Repeated hospital admission due to infection or dehydration at the end of life is extremely distressing to people with dementia. Having conversations around advance care planning can help ensure only admissions that are necessary to promote comfort are carried out. Often family members appreciate that further admission will only aggravate an already distressing situation, but can feel guilty if they suggest this. Bringing such fears out into the open for discussion can be of benefit to the person dying with dementia and their loved ones.

A place in the spectrum of services

We have been pleased to find a role in teaching and reciprocal learning with colleagues in the community, the general hospital, care homes and the mental health service. There has been productive discussion with officers and commissioners of the CCG, the local authority and other organisation. Both nursing and medical students have spent time with the service and in some cases been inspired to further study into the field of dementia care at the end of life, with their dissertations/projects gaining attention within their universities. The specialist nurse has been invited to contribute to a series on dementia and end of life care for the Nursing Standard, she has also been invited to be the subject of a personal profile in the Nursing Times.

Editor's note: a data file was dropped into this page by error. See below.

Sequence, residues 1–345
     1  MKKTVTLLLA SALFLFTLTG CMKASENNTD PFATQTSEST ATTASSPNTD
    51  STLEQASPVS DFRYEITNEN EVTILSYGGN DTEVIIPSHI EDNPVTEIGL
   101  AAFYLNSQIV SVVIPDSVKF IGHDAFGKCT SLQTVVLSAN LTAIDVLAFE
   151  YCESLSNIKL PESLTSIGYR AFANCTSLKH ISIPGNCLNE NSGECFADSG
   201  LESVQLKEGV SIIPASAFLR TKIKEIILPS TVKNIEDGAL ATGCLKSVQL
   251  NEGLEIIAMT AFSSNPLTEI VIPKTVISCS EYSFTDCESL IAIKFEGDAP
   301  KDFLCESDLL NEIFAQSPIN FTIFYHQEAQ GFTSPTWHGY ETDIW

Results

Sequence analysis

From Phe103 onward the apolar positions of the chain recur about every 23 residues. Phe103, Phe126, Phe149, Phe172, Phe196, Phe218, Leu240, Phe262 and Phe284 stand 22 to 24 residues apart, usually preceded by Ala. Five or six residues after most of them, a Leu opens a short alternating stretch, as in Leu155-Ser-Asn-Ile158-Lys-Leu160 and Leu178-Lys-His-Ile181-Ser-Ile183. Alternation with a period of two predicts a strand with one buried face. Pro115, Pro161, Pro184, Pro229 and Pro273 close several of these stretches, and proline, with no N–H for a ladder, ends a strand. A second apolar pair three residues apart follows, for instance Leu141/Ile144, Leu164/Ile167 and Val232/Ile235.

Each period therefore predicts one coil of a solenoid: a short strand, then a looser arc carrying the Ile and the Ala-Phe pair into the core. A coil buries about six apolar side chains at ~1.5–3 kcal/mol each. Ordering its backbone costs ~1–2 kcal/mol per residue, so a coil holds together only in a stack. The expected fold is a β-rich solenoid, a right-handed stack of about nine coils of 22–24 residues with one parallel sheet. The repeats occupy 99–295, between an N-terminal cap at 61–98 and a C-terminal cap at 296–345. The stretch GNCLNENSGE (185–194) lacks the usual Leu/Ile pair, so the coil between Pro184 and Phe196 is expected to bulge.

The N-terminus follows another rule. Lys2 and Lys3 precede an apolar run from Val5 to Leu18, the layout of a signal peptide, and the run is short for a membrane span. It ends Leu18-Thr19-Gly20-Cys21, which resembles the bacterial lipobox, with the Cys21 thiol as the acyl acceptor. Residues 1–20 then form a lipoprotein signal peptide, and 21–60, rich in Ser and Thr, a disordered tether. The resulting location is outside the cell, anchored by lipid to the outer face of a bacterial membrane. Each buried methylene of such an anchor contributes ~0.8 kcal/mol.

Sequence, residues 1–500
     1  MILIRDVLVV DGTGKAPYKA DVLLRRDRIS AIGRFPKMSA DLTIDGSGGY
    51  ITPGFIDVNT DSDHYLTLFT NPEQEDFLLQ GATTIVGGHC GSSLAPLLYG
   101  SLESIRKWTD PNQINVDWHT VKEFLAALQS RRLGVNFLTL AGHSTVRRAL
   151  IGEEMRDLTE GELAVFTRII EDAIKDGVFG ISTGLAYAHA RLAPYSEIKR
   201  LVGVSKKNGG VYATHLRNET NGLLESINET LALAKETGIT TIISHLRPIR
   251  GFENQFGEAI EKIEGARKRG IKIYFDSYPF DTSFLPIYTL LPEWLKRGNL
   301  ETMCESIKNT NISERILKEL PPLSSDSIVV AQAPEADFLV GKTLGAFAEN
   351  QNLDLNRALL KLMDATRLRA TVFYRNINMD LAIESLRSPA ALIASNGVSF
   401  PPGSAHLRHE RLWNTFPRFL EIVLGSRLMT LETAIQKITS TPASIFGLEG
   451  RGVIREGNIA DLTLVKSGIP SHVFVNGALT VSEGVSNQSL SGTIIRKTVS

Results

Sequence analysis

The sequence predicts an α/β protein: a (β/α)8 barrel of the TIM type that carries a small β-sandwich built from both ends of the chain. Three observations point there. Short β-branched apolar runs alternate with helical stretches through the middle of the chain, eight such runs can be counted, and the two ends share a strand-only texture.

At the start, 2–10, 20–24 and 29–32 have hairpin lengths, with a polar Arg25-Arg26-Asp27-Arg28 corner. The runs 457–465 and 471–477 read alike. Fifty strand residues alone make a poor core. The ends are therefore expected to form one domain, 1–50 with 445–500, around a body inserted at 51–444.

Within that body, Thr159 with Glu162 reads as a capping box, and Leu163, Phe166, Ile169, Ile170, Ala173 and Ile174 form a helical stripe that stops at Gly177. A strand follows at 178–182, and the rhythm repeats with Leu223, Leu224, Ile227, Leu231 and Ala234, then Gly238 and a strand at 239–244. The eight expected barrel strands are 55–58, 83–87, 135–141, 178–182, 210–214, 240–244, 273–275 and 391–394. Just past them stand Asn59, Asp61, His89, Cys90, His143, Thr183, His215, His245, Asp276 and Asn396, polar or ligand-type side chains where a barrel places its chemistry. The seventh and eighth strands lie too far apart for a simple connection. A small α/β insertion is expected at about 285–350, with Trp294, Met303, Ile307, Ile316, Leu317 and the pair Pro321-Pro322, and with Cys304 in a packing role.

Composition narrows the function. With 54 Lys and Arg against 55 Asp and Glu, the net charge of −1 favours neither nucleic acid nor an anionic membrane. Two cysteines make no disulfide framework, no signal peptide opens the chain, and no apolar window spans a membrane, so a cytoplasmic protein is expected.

Willow Wood now hosts a bi-monthly forum for professionals working in any setting who are interested in providing better care for people with advancing dementia. New ideas and insights are emerging from this and will be explored as service innovations.

Presentations and publications

We are pleased to have had many opportunities to share our experiences and ideas:

  • Greater Manchester Demonstration Sites joint presentation December 2012
  • Help the Hospices Conference 2013- Hospice: A Palliative Care Dimension To Dementia, with Jacqueline Crowther and Siobhan Hortan, East Cheshire Hospice
  • Dementia Quality and Care: Manchester Conference Centre 25.2.14
  • Dementia Congress: Brighton 12.11.2014
  • Various presentations to Care Home staff, district nurses and hospice staff on end of life with dementia and the communication and perception changes that accompany this.


  • Tapley M, Regan A and Jolley D (2013) Hospice: putting the heart back into dementia care. Journal of Dementia Care 21 (5) 14-15
  • Regan A, Tapley M and Jolley D (2014) Dementia at the end of life: what can hospices do? European Journal of Palliative Care 21(1) 6-10)
  • Regan A, Tapley M and Jolley D (2014) Improving end of life care for people with dementia. Nursing Standard 28 (48) 37-43
  • Tapley, M. & Regan, A. (2014) The case study master class: making decisions regarding artificial hydration and nutrition in an older woman with advanced dementia. European Journal of Palliative Care : 21(4)]: 170-171
  • Cardoso A, Jolley D, Regan A and tapley M (2014) Dying with dementia: a challenge for palliative care now and in the future. Acta Medica Portuguesa 27: 414-416.